'McConnell's iron grip on power over the Republican conference in the Senate is loosening'
Bradley Devlin in The American Conservative
Kevin McCarthy lost the speaker's gavel, but Mitch McConnell might wind up being the "biggest loser" in the recent turmoil on Capitol Hill, says Bradley Devlin in The American Conservative. McConnell (R-Ky.), the Senate minority leader, suffered a "brutal" but "largely unnoticed" defeat. He was determined to include aid for Kyiv in the deal to avert a shutdown, but other Republicans showed him they "would not be threatened with a shutdown into voting for Ukraine."
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'The speaker's gavel must remain in the hands of a House member'
Michael Ellis and Greg Dubinsky in The Wall Street Journal
Far-right Republicans have floated the possibility of making former President Donald Trump speaker of the House, say Michael Ellis and Greg Dubinsky in The Wall Street Journal. The theory anyone can become speaker is based on the Constitution's failure to "expressly" state otherwise. That's "amusing fodder for talk shows," but "textual silence" makes for a "weak" argument. "Settled practice" and "centuries of history" settle it. You want the gavel, get yourself elected to the House.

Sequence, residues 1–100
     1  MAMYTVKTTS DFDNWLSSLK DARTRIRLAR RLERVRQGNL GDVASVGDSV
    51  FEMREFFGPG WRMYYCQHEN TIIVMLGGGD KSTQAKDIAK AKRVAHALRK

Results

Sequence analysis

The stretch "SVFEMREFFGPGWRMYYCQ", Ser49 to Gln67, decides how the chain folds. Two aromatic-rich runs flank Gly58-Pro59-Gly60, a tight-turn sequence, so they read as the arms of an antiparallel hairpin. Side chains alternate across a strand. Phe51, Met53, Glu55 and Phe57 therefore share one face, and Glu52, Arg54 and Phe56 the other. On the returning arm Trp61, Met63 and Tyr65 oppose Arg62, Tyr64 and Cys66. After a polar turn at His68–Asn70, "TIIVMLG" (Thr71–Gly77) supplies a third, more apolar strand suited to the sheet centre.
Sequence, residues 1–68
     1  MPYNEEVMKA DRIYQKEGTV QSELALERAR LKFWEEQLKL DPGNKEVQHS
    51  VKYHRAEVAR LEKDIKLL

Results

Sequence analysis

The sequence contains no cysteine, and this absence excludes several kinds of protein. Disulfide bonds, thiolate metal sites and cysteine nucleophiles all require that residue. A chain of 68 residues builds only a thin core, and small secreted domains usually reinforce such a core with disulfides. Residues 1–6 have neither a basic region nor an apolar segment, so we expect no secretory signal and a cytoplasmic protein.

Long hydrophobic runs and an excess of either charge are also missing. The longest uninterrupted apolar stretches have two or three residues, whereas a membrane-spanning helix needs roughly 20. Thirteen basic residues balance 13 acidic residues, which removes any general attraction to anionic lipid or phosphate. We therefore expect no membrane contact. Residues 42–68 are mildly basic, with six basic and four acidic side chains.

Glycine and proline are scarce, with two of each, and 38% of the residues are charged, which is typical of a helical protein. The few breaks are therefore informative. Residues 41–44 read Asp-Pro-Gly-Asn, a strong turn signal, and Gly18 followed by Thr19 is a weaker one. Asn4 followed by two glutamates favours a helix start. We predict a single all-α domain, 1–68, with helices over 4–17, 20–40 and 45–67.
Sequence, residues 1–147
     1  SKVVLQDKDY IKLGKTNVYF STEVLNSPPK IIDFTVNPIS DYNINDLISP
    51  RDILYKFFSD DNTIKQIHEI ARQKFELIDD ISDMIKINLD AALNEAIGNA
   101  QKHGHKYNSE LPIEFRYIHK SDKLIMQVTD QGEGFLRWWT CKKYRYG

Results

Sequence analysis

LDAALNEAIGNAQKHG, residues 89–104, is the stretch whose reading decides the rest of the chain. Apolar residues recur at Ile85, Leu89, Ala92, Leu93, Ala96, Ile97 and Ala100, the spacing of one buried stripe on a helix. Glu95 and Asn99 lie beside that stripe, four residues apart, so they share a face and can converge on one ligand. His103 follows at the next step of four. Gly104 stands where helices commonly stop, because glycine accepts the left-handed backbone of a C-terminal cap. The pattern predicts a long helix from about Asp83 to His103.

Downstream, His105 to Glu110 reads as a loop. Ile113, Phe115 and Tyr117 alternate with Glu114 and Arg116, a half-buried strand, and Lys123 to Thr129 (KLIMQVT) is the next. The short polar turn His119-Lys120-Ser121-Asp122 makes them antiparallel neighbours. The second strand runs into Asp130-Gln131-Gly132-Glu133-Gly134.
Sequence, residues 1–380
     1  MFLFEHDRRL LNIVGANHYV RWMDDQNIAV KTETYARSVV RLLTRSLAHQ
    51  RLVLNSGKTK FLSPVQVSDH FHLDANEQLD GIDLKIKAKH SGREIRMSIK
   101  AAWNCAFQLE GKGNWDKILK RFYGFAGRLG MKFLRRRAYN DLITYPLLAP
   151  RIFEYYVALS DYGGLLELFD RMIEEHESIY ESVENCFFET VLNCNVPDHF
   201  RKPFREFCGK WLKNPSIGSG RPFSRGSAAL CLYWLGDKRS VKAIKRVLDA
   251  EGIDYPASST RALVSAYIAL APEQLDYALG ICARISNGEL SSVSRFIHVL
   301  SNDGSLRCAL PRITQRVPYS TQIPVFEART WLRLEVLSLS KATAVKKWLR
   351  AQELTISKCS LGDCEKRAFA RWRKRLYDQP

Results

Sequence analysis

'School surveillance normalizes the idea that constant monitoring is good'
J.D. Tuccille in Reason
The Covid-19 public health panic "supercharged what was already a creeping culture of surveillance in public schools," writes J.D. Tuccille in Reason. The hope is that "Big Hallway Monitor" will "make kids safer." But "students are aware they're being observed" and the danger is that "trapping them in miniature surveillance states" will make them come to expect, and accept, this kind of erosion of their liberty. That's no way to teach them to "value freedom."
'A failure to act on federal firefighter pay is a gamble on lives'
Ken Pimlott in the Los Angeles Times
Drought and heat have made recent fire seasons more dangerous, says Ken Pimlott in the Los Angeles Times, but there's a new threat this year: "looming pay cuts to thousands of federal wildland firefighters." These heroes got temporary biweekly raises under the 2021 infrastructure law. The recent stopgap spending deal to avert a government shutdown froze pay at current levels. Without further action the raises vanish, and experts warn "a third to half" of Forest Service firefighters could leave.
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